…but I digress.
Speaking of elite status, should that be a factor with regard to the rearrangement of items in an overhead storage bin — or is this a case of DYKWIA?
Is there such a thing as an improper use of space in the overhead bins — such as placing your bags sideways or laying down your jacket in an area which can be accommodated by a bag?
There are also safety issues with items stowed improperly in the overhead bins. What if you open one and and either an open switchblade or a camera falls out onto the floor — and the owner blames you for damaging it? What if it fell on the head of a passenger?
Who would stow a camera unprotected in the overhead bin in the first place?!?
Then again, there are those passengers who will smash their luggage recklessly into an overhead bin without regard of potentially crushing the belongings of others. Do you have any recourse if your property is damaged?
I suppose maggots could create room in an overhead bin if there was food stored in it. Would that count as a safety issue? Flight attendants are certainly not excluded from the fray. A passenger protested when his bag was moved from an overhead bin to one several rows back in order to accommodate a broken bag belonging to a member of the flight crew. Is this a case of efficient use of space in the overhead bins, or special treatment for a member of the flight crew?
In fact, some people actually question whether you really believe flight attendants pertaining to space in the overhead bins. For example, FlyerTalk member FlyingDL4Fun — who was one of several passengers originally scheduled to be on a later flight but wanted to catch an earlier flight and allegedly forced to check bags in order to expedite the boarding process — found seven empty overhead bins with their doors open.
Gate agents have also been known to announce to passengers boarding an airplane at the gate that all space in the overhead bins is full and instruct them to check bags — despite the contrary.
Still, there are times where flight attendants will strictly enforce the policy of storing the first bag in the overhead compartment and the second bag under the seat in an attempt to ensure that as many passengers as possible have a chance to store their belongings before the overhead bins become completely full — but perhaps that is necessary at times.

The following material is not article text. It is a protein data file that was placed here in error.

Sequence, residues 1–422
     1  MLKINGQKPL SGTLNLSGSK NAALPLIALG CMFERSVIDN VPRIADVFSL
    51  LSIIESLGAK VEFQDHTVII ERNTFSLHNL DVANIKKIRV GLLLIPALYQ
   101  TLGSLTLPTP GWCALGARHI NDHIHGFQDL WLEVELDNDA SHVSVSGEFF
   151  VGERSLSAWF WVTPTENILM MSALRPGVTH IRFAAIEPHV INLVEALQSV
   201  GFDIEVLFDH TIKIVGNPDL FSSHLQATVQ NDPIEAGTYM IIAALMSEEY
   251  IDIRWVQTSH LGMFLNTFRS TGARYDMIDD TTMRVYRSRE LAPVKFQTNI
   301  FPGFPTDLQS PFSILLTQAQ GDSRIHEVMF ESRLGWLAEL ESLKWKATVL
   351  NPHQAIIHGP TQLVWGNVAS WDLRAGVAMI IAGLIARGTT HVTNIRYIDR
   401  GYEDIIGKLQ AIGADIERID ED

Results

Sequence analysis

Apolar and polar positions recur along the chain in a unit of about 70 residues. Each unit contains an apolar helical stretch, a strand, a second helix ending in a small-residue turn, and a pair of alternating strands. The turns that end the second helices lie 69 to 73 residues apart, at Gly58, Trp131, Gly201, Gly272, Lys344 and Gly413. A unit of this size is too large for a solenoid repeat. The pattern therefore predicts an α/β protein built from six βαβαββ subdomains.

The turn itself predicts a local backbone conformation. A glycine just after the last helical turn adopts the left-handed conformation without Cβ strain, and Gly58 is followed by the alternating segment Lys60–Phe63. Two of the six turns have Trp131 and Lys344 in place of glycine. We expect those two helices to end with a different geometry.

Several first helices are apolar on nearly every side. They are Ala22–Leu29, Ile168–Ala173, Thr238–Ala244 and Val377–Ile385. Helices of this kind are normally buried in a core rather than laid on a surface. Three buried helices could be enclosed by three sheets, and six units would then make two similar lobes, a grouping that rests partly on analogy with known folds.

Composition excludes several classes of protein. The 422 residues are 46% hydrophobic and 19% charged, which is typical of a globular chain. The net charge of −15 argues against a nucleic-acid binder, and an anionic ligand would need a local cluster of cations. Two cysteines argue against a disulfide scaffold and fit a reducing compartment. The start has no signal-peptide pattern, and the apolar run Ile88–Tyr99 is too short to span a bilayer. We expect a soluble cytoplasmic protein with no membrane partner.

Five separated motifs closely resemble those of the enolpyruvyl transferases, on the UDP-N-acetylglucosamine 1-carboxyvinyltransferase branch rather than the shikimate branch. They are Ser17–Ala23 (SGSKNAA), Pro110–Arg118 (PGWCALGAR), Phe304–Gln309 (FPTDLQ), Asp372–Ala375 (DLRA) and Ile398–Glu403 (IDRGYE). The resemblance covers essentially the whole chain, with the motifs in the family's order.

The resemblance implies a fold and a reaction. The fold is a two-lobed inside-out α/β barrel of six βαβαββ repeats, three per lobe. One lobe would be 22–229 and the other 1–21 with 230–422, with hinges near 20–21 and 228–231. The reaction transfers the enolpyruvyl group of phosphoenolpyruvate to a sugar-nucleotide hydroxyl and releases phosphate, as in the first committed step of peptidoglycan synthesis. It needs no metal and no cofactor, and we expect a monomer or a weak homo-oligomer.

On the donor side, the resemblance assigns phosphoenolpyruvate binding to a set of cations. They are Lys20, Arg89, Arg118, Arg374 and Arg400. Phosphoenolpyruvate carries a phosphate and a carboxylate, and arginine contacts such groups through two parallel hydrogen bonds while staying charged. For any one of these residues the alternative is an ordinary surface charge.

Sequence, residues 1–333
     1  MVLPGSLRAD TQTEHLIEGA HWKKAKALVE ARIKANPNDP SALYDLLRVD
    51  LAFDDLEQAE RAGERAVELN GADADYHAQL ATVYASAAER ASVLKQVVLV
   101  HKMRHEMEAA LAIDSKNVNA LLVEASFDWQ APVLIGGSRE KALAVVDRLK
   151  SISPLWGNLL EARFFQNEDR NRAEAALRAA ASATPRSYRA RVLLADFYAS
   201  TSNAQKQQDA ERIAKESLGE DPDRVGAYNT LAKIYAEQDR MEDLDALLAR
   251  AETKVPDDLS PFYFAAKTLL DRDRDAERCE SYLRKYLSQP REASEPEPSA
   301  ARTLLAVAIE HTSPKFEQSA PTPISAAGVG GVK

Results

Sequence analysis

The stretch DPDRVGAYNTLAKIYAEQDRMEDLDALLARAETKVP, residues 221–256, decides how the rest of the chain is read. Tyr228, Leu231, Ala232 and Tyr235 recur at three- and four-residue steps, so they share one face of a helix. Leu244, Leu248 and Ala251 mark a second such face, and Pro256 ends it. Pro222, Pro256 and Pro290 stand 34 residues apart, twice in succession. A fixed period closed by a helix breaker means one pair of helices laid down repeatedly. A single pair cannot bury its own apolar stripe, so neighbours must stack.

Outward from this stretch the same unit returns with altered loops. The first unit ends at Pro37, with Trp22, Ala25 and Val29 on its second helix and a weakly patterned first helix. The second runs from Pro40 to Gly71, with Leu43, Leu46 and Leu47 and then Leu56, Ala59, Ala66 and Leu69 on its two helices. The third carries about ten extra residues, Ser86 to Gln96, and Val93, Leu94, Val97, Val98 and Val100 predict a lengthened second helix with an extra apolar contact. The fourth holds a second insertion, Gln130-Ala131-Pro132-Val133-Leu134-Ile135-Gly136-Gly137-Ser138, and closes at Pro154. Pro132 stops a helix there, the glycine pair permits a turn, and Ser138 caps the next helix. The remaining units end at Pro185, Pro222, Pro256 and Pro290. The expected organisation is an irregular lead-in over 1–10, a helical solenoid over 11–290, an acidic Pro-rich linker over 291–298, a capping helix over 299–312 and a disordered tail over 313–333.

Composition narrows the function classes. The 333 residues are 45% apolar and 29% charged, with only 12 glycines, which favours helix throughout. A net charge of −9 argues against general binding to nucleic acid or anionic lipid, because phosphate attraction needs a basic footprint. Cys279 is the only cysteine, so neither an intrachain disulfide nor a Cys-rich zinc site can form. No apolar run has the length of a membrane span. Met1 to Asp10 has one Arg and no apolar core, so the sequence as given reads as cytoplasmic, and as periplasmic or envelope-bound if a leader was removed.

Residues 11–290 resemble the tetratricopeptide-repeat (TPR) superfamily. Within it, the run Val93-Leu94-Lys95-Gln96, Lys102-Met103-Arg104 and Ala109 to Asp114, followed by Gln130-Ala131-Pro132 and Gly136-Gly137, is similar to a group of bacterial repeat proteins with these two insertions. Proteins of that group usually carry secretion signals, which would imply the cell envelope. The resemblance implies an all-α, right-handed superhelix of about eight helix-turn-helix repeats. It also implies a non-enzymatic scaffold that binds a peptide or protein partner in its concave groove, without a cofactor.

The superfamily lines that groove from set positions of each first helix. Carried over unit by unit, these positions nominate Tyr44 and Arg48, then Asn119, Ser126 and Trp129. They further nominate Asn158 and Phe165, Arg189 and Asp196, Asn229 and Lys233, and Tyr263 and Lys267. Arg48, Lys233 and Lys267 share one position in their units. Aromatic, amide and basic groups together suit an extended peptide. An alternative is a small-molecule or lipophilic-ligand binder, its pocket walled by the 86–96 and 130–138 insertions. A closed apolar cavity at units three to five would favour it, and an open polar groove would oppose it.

There was even this bizarre case where a couple stored their belongings in an overhead bin over a row of seats to which they were not assigned — even though the overhead bins directly above their seats were empty.
By the way, two of the most contentious debates pertaining to the use of space in overhead bins are by passengers assigned to seats in the economy class cabin who use the overhead bins in the premium class cabin, as well as the lack of overhead bin space being one of the reasons for “gate lice” — a derogatory term used to describe passengers with low boarding priority who crowd the gate area before being called — but I will save both of those specific debates for future articles here at The Gate.
So what exactly are the rules of etiquette — as well as ethics — which you follow pertaining to the use of space in the overhead bins? Is there any time where you can claim that the space in a particular overhead bin is “yours” — especially when someone else “steals” it? How do you ensure that you secure the overhead bin space you want to use once aboard the aircraft? What are your gripes concerning the war over space in the overhead bins?